Expect to see more of this campaign interjected into culture; for example, its most recent video shows the cousin character getting vaccinated.
Culturally relevant commercials are a hallmark at GS&P, which took fourth place in the USA Today Ad Meter with “The Cool Ranch” that featured an epic dance battle between rapper Lil Nas X and cowboy icon Sam Elliott set to Nas’ hit “Old Town Road.”
“That mashup of country and hip-hop was such a big trend we wanted to not only be a part of it but then also create culture as well,” says Margaret Johnson, chief creative officer and partner at GS&P. It was one of four spots from GS&P in the Big Game—the others were for Frito Lay’s Cheetos and Doritos, as well as PepsiCo’s SodaStream and Pepsi.
But Super Bowl ads are only part of the equation. GS&P followed it up with a #CoolRanchDance challenge in collaboration with the AI-powered app, Sway, that seamlessly superimposed your head onto that of a grooving body, so you appear to move just like the stars of the spot.
“I believe people want to participate with brands,” says Bonnie Wan, partner and head of brand strategy at GS&P. “That’s the new era of what a modern brand is, they give people ways to be a part of [a brand’s story].”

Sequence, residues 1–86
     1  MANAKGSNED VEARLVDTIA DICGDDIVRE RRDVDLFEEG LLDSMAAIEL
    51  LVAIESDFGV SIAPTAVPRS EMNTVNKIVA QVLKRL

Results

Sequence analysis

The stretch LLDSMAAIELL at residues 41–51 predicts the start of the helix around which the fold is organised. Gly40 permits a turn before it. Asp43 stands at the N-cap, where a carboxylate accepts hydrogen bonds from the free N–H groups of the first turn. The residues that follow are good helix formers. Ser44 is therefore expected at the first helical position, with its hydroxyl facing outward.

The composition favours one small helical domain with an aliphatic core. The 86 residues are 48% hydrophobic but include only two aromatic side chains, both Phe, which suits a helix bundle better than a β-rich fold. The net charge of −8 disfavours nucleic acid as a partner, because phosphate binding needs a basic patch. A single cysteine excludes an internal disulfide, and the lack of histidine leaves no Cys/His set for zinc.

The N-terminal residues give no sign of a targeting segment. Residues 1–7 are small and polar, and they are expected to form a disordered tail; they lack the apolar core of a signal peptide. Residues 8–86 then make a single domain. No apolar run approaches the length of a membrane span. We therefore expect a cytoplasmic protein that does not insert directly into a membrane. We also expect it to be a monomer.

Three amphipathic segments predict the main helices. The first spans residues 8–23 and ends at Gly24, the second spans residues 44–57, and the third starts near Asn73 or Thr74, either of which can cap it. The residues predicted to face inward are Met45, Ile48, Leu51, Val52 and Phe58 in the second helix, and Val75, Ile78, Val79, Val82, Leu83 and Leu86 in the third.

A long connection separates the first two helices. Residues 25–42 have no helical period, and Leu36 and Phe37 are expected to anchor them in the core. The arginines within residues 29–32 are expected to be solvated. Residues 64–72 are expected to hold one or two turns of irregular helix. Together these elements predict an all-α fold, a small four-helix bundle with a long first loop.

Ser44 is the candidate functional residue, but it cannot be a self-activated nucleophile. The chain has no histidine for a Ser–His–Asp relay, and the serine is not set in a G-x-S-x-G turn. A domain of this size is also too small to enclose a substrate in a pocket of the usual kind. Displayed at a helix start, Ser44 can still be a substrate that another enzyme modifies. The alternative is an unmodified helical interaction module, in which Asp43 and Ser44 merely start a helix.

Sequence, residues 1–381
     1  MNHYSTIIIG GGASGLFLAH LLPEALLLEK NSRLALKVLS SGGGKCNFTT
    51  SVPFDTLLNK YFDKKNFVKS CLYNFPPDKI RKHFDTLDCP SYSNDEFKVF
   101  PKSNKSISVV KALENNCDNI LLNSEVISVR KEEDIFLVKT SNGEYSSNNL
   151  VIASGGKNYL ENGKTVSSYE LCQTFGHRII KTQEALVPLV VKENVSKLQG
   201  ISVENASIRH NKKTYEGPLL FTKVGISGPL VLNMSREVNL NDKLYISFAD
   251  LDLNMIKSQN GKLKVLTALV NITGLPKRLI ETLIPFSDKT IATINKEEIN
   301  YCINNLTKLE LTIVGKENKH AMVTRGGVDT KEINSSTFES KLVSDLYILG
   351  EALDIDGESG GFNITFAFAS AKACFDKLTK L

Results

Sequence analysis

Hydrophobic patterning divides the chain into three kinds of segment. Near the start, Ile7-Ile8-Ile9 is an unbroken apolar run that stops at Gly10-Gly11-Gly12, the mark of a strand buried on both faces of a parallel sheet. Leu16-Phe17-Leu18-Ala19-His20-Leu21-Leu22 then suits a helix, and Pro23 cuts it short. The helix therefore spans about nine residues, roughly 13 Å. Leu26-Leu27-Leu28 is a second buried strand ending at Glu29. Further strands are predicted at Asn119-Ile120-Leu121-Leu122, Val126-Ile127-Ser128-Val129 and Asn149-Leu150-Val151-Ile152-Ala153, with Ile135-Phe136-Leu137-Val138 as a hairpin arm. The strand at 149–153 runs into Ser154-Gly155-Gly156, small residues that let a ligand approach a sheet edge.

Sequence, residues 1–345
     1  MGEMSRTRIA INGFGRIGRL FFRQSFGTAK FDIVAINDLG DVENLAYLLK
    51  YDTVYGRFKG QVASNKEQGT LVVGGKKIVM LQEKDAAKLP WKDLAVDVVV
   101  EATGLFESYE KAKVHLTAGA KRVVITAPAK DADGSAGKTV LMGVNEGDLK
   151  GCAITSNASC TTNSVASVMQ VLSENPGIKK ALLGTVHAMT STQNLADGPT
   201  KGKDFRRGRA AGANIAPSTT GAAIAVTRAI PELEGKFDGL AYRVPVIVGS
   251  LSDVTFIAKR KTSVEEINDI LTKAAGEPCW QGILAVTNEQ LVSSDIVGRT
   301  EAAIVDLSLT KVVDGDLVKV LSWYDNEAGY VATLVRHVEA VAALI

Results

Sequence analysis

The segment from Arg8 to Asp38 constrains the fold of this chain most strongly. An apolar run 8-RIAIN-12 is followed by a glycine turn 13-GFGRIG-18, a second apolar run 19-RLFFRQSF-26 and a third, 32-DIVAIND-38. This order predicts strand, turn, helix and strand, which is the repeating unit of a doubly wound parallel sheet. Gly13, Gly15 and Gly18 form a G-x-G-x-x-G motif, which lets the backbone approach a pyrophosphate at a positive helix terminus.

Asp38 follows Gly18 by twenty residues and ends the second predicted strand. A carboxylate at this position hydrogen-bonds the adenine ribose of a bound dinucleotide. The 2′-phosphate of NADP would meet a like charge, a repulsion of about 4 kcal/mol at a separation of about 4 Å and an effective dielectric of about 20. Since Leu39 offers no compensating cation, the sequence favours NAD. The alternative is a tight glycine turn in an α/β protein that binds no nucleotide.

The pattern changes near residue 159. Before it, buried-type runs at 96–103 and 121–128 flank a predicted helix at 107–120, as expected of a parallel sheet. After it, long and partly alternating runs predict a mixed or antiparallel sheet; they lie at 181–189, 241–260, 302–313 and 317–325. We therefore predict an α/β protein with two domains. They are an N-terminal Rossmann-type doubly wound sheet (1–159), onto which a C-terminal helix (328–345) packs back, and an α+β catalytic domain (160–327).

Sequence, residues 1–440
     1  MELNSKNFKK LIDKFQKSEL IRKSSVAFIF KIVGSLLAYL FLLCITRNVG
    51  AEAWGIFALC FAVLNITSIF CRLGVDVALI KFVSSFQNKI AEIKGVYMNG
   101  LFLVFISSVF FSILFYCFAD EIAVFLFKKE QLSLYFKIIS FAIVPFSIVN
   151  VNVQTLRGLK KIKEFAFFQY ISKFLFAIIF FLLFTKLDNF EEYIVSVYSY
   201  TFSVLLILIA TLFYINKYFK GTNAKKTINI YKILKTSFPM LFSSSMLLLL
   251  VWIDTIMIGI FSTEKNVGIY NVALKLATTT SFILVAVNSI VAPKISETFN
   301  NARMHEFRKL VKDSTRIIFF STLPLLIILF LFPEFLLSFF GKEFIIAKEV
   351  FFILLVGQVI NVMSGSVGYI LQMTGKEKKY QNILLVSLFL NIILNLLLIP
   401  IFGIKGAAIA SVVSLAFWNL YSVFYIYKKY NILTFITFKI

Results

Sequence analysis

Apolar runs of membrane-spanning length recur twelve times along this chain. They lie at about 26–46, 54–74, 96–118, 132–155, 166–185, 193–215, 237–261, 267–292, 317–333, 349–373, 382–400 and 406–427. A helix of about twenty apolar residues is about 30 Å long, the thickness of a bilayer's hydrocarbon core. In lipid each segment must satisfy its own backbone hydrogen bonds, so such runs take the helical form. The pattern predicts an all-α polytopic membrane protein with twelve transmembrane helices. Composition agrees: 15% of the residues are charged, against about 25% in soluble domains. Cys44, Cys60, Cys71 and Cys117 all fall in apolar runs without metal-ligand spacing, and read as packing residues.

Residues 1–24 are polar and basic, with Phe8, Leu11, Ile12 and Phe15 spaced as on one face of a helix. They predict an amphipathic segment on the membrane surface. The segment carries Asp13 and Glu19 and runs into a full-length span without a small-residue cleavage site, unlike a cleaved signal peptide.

In 2021, Goodby followed last year’s Cheetos Super Bowl commercial that featured MC Hammer (see Cheetle dust reference above), with another nostalgia-driven TV spot that featured actor couple Mila Kunis and Ashton Kutcher mimicking the “It Wasn’t Me,” song by Shaggy, including a cameo by the singer himself. It also deflated Matthew McConaughey in “Flat Matthew” for Doritos, both of which made it to the top 10 in the Ad Meter.
“Your Cousin From Boston” made an appearance in the 2021 Super Bowl as well, with a commercial that spoofed Budweiser’s traditional Clydesdales TV spots. What was originally a $700,000 regional buy received $12 million in earned media, according to GS&P.
“I got emails from the Bud people we used to work with that were like, ‘You’re going to rot in hell for this,’” Goodby says jokingly.